Engaging the class. What is andragogy?
I began my teaching career as a mature aged student. My life had changed, and I felt that I needed to change direction to fulfill professional and personal ambitions – family life and less shift work.
Teaching is a family career. I think it forms part of my family DNA. So, naturally when I was told as a young person that I should be a teacher, I decided I would be a nurse. I am a rebel. Contemplating myself has always been an interesting journey.
Teaching got me in the end – but I have been unable to release my nursing career. I was a primary school teacher for many years before venturing into the world of adult education. I felt comfortable in a class of pre-hormonal children, with little ambition of contemplating anything else. But life isn’t simple and I found myself leading an adult classroom with people who knew more than me and who had experienced more life than me! I them found myself teaching language, literacy and numeracy and then health and community service to an adult classroom.
My Primary Education degree and experience had grounded me in a holistic approach to pedagogy. It guided insights into teaching, learning, planning and managing an adult classroom. But adults and children learn for different reasons and have had different experiences with learning that impact the how and the why we learn.
Why adults want to undertake education?
Adults undertake education for reasons different to children. Adults learn in ways different to children. These findings have implications for trainers and teachers of adult learners (Choy & Delahaye, 2003). Theories and principles of adult teaching and learning, i.e., the art and science of facilitating adult learning is referred to as andragogy (Knowles, 1970)
What’s really going on?
The essential differences between pedagogy, i.e., teaching children and youth (Knowles, 1970) and andragogy relates to the primary role of the teacher, trainer or facilitator. The practice of pedagogy requires a teacher centered approached where andragogy requires a learner centered (Choy & Delahaye, 2003).
Andragogy recommends meaningful learning experiences and outcomes by learners freely choosing goals, making “independent decisions about what how and when they want to learn” (Choy and Delahaye, 2003 p2). Choy and Delahaye (2003) redefine Hadley’s research of 1975 by establishing that adult learners participate in the creation and reconstruction of their learning goals (p2). Adult learners are usually self-directed, draw on past experiences and learn from each other (Merriam in Tannehill, 2009 p23).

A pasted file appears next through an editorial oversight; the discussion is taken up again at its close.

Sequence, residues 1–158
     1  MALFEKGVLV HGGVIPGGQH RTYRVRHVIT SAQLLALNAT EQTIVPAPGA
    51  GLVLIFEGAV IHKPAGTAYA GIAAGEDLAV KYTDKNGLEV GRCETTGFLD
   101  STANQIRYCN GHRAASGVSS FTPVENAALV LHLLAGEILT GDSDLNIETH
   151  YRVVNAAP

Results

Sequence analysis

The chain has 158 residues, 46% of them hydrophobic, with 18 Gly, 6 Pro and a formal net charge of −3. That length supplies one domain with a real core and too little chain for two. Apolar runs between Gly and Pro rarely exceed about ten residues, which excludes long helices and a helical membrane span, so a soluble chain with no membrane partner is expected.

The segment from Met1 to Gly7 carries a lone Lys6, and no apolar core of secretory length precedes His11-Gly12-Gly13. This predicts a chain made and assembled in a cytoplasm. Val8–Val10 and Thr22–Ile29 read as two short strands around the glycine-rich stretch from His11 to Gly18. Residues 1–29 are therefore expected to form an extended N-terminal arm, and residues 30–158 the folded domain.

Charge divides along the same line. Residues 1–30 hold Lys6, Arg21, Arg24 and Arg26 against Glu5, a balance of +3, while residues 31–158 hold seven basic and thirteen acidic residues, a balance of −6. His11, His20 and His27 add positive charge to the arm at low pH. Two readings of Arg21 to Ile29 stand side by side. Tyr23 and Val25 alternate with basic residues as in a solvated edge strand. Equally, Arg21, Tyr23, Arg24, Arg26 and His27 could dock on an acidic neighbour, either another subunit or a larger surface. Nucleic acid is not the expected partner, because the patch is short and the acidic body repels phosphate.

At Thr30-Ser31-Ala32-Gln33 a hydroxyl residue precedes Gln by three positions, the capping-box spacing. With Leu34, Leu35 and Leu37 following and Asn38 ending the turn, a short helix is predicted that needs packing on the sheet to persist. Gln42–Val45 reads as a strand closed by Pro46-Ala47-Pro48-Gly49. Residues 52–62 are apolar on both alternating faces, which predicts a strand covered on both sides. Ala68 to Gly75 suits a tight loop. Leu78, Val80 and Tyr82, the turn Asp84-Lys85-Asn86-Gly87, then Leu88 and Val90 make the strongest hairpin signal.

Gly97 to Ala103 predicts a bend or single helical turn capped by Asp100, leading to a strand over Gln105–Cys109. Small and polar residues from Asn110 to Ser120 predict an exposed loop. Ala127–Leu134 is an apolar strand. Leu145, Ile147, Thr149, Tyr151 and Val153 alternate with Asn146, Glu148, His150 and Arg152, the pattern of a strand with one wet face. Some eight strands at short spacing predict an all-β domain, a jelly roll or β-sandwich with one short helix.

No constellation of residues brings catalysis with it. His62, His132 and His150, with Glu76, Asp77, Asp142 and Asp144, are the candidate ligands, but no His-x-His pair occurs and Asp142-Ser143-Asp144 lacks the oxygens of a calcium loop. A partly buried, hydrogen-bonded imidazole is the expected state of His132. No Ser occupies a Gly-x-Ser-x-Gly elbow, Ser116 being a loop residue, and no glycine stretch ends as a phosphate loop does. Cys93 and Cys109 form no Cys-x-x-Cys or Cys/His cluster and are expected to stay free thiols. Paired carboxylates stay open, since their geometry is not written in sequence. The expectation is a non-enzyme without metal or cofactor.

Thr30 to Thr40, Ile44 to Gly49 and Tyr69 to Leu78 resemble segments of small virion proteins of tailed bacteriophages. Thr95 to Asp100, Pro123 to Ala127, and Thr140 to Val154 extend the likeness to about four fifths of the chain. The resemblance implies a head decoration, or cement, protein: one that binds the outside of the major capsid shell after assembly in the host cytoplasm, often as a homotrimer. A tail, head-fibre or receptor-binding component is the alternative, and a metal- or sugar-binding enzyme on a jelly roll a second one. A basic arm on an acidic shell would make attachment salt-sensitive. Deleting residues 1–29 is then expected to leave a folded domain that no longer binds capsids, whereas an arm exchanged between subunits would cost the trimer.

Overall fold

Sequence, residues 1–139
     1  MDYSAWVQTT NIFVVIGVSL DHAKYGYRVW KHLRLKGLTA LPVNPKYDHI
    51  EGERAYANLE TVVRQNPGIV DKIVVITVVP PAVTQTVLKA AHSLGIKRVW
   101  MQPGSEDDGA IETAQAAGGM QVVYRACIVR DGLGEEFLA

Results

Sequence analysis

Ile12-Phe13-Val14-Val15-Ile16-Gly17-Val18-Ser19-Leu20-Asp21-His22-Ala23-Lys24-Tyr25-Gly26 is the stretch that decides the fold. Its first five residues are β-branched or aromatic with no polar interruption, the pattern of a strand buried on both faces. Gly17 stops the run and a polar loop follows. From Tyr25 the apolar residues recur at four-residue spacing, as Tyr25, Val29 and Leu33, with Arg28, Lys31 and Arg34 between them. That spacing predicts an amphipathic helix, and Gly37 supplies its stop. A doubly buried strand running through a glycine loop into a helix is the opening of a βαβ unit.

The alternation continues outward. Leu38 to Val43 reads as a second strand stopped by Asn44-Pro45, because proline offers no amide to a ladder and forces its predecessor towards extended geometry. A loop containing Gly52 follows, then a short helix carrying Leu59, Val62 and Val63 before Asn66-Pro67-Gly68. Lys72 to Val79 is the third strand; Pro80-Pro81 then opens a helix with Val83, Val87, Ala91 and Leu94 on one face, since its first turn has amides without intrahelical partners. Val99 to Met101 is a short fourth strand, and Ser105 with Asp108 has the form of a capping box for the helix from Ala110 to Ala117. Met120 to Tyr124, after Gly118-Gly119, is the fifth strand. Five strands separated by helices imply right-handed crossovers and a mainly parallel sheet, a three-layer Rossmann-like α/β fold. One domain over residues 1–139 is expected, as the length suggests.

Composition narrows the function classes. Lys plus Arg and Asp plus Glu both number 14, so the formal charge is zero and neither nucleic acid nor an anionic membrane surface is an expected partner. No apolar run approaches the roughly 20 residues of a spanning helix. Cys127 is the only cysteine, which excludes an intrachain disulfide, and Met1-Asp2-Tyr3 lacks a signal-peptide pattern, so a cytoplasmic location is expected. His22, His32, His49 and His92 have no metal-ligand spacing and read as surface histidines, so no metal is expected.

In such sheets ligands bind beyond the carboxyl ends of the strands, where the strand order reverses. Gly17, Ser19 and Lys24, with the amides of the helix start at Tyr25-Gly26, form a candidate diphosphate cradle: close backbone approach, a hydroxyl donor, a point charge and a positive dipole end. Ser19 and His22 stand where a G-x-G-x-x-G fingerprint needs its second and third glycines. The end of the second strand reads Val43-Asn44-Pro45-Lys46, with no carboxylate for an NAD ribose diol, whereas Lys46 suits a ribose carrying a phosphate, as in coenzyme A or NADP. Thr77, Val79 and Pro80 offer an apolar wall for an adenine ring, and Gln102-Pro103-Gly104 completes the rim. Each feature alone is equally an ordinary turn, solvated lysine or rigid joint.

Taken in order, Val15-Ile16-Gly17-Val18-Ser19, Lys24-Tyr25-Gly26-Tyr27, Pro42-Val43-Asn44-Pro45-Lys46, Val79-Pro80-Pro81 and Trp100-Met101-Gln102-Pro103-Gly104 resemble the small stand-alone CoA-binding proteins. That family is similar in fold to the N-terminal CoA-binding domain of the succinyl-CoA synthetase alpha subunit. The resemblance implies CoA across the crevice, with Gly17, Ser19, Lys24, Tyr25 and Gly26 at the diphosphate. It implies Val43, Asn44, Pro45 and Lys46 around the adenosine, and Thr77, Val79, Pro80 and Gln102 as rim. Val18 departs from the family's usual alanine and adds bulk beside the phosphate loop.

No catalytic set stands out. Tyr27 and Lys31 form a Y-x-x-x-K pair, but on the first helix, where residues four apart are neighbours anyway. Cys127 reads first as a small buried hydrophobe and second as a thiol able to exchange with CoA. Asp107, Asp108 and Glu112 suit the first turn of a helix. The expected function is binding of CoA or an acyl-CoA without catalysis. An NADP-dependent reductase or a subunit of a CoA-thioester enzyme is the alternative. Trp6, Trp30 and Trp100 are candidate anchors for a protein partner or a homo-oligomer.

Adult learners have responsibilities beyond those of youth or child learners (Tannehill, 2009). These responsibilities can impact learning outcomes. Stress caused through employment, marriage, children and finances are unique to the adult learner. Adult learners learn when:
Relationship is the key
The relationship a teacher develops with the student is different in the adult classroom. The adult learner may be ready to learn, but with poor previous learning experiences they remain resistive. The trainer or teacher needs to empower the learner by building self-confidence and self-esteem. The learner needs to learn to believe they can learn. They need to learn the art of confidence and belief to build knowledge building on a platform significant to them. Learning needs to be relevant to the adults needs, ie learning because of it is required for employment. Teachers and trainers need to understand the learner and why they are learning. When teachers have this knowledge, they can build the program.
Authentic and Meaningful Education is necessary.
In a learner centered environment, the job of the teacher or trainer is to build relationships. The partnership built between the teacher and adult student can be pivotal in achieving successful outcomes. Education needs to be authentic and purposeful to engage adult learners. The resources need to be contextualized. A strong relationship between education and employment contributes to the success of adult learner engagement (Dempsey, 2013).
Relationships are important components underpinning andragogy principles. Knowledge is a powerful economic driver, and the teacher or trainer can give a community of learners a lift. Teachers must understand and build relationships to form learning platforms that support the adult learner.
Choy, S., & Delahaye, B. (2003). Andragogy in vocational education and training: learners' perspective. In F. Ferrier, C. M. Down, E. Vocational, & A. Training Research Association (Eds.), Making a world of difference?: innovation, internationalisation, new technologies and VET: proceedings of the 5th annual conference of the Australian VET Research Association (AVETRA) (pp. p). [Nowra]: AVETRA.
Dempsey, M. (2013). Impacts of the changing nature of the Vocational Education and Traing (VET) System on Educators within the VET System in Australia. (Doctor of Education Portfolio), Edith Cowan University, Perth Western Australia. Retrieved from http://ro.ecu.edu.au/cgi/viewcontent.cgi?article=1587&context=theses
Knowles, M. S. (1970). The Modern Practice of Adult Education: Andragogy versus Pedagogy. Chicago: Follet Publishing Company.
Tannehill, D. B. (2009). Andragogy: how do post-secondary institutions educate and service adult learners? , University of Pittsburgh.